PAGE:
Cognitive Psychology: How the Brain Works
Think of the brain as your mental hardware. It processes daily inputs such as language, behavior, memory, problem solving and decision making. In this course, you will learn about cognitive psychology, from its origins in philosophy to its current role in robotics. You’ll study the various regions of the brain and how each affects different functions, such as speech, perception, attention, facial recognition and more. Delve into research that shows the influence of positive thinking on how tasks are performed. Draw a brain diagram showing which areas are most important for memory and decision making. Today, a background in cognitive psychology is in high demand in fields such as health care, law and education. If you seek a future in any of these areas, this course is for you.
Multi-length courses available throughout the year
For students ages 13 and up
Understanding the Workings of the Brain
Explore the Foundations of Cognitive Psychology
Learn to identify the origins of cognitive psychology and gain insight into the current state of the science — what we know now — and some mysteries that remain.
Recognize the Differences Between Perception, Recognition and Attention
You’ll look at the unique features of the visual system and how the brain makes sense of that information through perception, recognition and attention. Discover how our focus of attention can have short- and long-term effects on our emotions and behavior.
Understand the Systems that Process Memory
You will review traditional constructs of memory including short-term and long-term systems. We’ll also study how memory loss evolves and how inaccuracies are produced, even of our own life experiences.
How Information is Turned into Knowledge
Consider how the brain organizes information and converts it to knowledge, language and visual imagery.
Explore the Frontal Lobe and its Role in Thinking
You will look at the functions of decision making, problem solving, empathy and reasoning as key actions that stem from the frontal lobe.
Complete a Final Project: Map the Human Brain
You will create a brain map that reflects a personally relevant decision-making circumstance. For example, the decision-making process around which sport to play, which summer job to select or which school to attend.
How You Will Benefit
- Understand human cognition and the relationship between mind and brain.
- Know the history of cognitive psychology.
- Define distinct systems of the brain and the processes of human cognition.
- Know how the brain uses memory and its connection to attention.
- Identify the functions of the frontal lobe, like emotions and reasoning.
- Complete a Final Project to demonstrate what you’ve learned.
- Earn a Certificate of Completion from William & Mary.
Three Learning Advantages Designed for You
Create a human brain map; a pictorial presentation that demonstrates how the brain processes decision making. Use a personal experience such as how you chose which sport to play, which summer job to take or school to attend.
You’ll receive guidance from a mentor who can support you and deepen your learning experience. You can expect:
- Encouragement and direction on all assignments.
- Inspiration, motivation and confidence to help you excel in your studies.
- Brainstorming and ideation to help you prepare for your Final Project.
- 100% online learning that works with your schedule.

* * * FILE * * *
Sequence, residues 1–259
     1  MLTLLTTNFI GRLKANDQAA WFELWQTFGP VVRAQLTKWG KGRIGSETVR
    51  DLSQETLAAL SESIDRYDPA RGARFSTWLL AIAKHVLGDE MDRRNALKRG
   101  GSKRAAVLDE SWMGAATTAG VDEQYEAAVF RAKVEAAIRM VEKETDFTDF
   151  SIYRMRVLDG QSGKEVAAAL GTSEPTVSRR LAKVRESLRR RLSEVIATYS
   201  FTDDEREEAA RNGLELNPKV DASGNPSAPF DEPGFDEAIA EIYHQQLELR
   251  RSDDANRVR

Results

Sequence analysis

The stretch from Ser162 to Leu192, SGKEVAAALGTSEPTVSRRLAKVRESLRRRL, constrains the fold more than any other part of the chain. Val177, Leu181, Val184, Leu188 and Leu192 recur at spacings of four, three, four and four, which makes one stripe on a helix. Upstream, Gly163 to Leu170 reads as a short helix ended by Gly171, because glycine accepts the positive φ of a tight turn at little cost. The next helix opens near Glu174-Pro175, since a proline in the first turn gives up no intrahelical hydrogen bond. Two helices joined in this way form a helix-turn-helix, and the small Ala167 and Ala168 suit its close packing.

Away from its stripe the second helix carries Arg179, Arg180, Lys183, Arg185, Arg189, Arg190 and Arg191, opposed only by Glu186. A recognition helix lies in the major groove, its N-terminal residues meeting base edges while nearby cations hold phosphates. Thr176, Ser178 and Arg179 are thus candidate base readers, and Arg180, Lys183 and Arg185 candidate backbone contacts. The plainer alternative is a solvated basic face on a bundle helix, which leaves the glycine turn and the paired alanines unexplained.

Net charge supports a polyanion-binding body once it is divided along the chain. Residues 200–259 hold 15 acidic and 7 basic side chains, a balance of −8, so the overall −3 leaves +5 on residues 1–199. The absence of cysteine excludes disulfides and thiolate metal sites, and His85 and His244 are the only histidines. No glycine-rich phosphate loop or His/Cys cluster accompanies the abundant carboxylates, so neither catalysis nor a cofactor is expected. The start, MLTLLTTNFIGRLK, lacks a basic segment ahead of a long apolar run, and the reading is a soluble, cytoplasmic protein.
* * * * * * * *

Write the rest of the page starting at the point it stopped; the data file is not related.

- Flexible format: you’ll learn through video lectures. Tune in anytime that works for you.
- 20-30 hours of total instruction and course work, including engaging multimedia, simulations and curated assignments for which you will receive guidance and support from mentors.
Apply Now for the Next Available Course
All course options have the same educational content, learning materials and number of assignments. We are offering a condensed version of the course in order to accommodate students’ individual schedules.
Course Designed by William & Mary Faculty
Dr. Jennifer A. Stevens, Associate Professor
Dr. Stevens is an associate professor in the Department of Psychological Sciences and the Neuroscience Program at William & Mary. She is the director of the W&M Cognitive Neuroscience Lab and has primary research interests in visual and motor representation and the use of imagery to improve behavior, the relationship between space and thought, and perception of visual art and the aesthetic experience.
How to Apply
It’s easy. No transcripts or letters of recommendation are needed. Our application requires basic contact information for you and your parent or guardian. Then, tell us why you wish to take this course. Include your personal story through writing, video, photos — or any medium you prefer.
Note: Please submit all application materials in English.
Begin the guided process. It should take only a few minutes of your time to answer the questions.
Want to Know More?
Sign up for more information and we’ll be in touch.
Our application process is easy. You can expect a prompt decision.
Frequently Asked Questions
How will you be graded? What are assignments like? How much time do you have to turn around a project? When do you find out if you’re admitted? Find answers to your questions here.
We offer need-based scholarships in each cohort to students exhibiting high potential and an inability to pay full tuition. If you would like to be considered for a scholarship but you:
- Haven’t applied to the program, complete your application now. The scholarship application is included.
- Applied to the program and didn’t fill out a scholarship request, reach out to us at email@example.com for assistance.
- Are unsure about whether or not you applied for a scholarship, reach out to us at firstname.lastname@example.org for assistance.